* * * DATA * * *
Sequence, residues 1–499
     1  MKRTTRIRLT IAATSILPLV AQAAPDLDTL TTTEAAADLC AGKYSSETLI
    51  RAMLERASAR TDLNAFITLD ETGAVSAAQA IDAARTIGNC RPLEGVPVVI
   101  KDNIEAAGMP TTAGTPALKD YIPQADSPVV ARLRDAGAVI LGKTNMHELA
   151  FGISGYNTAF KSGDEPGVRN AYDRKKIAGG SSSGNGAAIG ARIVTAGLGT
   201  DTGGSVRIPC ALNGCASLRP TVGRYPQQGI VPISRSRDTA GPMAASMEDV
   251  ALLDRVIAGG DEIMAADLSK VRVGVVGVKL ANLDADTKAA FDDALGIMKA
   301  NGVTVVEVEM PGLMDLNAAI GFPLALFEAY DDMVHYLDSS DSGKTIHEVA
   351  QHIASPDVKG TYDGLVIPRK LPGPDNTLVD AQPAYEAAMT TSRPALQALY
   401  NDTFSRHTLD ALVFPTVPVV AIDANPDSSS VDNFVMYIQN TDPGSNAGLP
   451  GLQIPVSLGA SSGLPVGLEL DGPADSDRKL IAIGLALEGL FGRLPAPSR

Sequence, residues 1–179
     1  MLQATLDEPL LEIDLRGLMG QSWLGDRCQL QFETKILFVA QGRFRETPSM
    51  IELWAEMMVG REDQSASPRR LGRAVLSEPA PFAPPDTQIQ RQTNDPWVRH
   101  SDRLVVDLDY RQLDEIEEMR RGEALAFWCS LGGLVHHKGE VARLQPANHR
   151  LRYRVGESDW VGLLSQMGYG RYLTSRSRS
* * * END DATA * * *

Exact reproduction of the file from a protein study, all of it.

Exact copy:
Sequence, residues 1–499
     1  MKRTTRIRLT IAATSILPLV AQAAPDLDTL TTTEAAADLC AGKYSSETLI
    51  RAMLERASAR TDLNAFITLD ETGAVSAAQA IDAARTIGNC RPLEGVPVVI
   101  KDNIEAAGMP TTAGTPALKD YIPQADSPVV ARLRDAGAVI LGKTNMHELA
   151  FGISGYNTAF KSGDEPGVRN AYDRKKIAGG SSSGNGAAIG ARIVTAGLGT
   201  DTGGSVRIPC ALNGCASLRP TVGRYPQQGI VPISRSRDTA GPMAASMEDV
   251  ALLDRVIAGG DEIMAADLSK VRVGVVGVKL ANLDADTKAA FDDALGIMKA
   301  NGVTVVEVEM PGLMDLNAAI GFPLALFEAY DDMVHYLDSS DSGKTIHEVA
   351  QHIASPDVKG TYDGLVIPRK LPGPDNTLVD AQPAYEAAMT TSRPALQALY
   401  NDTFSRHTLD ALVFPTVPVV AIDANPDSSS VDNFVMYIQN TDPGSNAGLP
   451  GLQIPVSLGA SSGLPVGLEL DGPADSDRKL IAIGLALEGL FGRLPAPSR

Sequence, residues 1–179
     1  MLQATLDEPL LEIDLRGLMG QSWLGDRCQL QFETKILFVA QGRFRETPSM
    51  IELWAEMMVG REDQSASPRR LGRAVLSEPA PFAPPDTQIQ RQTNDPWVRH
   101  SDRLVVDLDY RQLDEIEEMR RGEALAFWCS LGGLVHHKGE VARLQPANHR
   151  LRYRVGESDW VGLLSQMGYG RYLTSRSRS